The “Self-Sufficient Urban Green Buildings” project, funded by the National Science Foundation (NSF), explored both technological and human factors that impact green building performance. This project combined field- and simulation-based studies to investigate the potential for achieving sustainable design in the provision and use of energy and water systems in urban buildings. A specific focus of this work was an examination of the scientific, engineering, and human factors affecting potential self-sufficiency of urban buildings and the development of associated agent-based models.
The Center conducted research for this project in a high-end residential green building in Lower Manhattan with approximately 292 apartments, ranging in size from studios to 3-bedrooms, as well as an Energy Star certified residential building in the South Bronx with approximately 127 apartments, ranging in size from 1-bedroom to 3-bedrooms.
In 2013, we entered the data analysis stage of the project, analyzing survey results from each building along with rich and complex field data collected from a subset of apartments in each building, including water consumption, occupancy patterns, air quality and electricity consumption. Researchers on the project team are currently using statistical analysis and other quantitative and qualitative techniques to pull key patterns and findings from the data, with the goal of better understanding both building performance and occupant behavior, as well as important connections between the two.
Green Buildings and Public Health
Green buildings can offer significant health benefits to occupants by way of higher indoor air quality, cleaner and more filtered water and the reduction or elimination of harmful volatile organic compounds (VOCs), and they can greatly contribute to overall occupant well-being. This component of the project examined indoor air quality and heard from residents their experiences of the building.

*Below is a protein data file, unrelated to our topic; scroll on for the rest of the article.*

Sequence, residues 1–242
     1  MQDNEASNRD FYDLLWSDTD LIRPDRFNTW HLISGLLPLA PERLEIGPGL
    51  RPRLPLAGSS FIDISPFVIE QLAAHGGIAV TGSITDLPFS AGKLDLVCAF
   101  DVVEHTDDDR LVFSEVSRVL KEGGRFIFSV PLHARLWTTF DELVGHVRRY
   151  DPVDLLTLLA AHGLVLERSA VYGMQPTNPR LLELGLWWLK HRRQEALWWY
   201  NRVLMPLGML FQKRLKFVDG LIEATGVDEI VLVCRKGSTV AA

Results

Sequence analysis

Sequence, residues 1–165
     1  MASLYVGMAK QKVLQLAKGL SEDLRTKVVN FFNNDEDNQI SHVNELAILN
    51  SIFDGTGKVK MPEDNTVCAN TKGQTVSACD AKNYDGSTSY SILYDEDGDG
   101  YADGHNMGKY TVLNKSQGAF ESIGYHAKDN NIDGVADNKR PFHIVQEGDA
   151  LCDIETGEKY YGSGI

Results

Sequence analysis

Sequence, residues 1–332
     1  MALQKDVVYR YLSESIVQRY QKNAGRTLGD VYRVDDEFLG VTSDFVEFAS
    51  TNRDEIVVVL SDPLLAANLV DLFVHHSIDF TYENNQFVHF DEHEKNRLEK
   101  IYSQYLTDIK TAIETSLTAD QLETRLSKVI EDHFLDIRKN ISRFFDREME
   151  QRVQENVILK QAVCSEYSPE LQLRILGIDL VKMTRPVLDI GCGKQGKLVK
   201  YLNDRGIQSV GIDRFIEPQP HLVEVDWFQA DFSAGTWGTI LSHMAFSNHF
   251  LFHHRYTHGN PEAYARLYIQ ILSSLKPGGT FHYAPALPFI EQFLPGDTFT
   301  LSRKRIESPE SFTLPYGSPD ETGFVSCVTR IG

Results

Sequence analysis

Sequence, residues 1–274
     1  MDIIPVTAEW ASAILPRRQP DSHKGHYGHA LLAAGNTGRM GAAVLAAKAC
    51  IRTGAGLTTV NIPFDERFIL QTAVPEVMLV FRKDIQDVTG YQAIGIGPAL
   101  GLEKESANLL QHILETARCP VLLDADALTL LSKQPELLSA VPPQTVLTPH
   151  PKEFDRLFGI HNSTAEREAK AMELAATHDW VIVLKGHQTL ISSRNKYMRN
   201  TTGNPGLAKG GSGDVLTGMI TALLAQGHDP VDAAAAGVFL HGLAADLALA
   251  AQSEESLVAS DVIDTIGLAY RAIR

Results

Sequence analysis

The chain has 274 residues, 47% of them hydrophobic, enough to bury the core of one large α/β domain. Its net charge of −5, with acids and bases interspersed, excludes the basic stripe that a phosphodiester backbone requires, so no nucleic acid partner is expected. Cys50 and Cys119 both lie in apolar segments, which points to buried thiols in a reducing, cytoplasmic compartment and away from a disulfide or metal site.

Another important component of the NSF project is its focus on human behavioral factors. This component of the project aims to use results from both qualitative and quantitative data collection methods in order to better understand how human behavior has impacted the performance of each building, and how researchers can better predict and understand consumption behavior among residents. Surveys and interviews conducted consisted of a range of questions regarding energy and water use at home, opinions about the building and apartment unit, and values and attitudes regarding energy and environmental conservation.
In the current data analysis phase, researchers on the project team are analyzing residents’ stated values, norms, attitudes and intentions regarding their consumption at home and related conservation behaviors, and attempting to connect these responses to both self reported and observed consumption data. In addition, we are attempting to connect these psychological constructs along a causal chain outlined in well-known behavioral frameworks in order to better understand the predictive power of these theories. This component of the project ultimately attempts to use these results to investigate important human factors such as the distinction between reasoned and habitual behaviors, the impact of habits on behavioral outcomes, drivers and motivations of both consumption and conservation choices, and patterns of decision making among residents.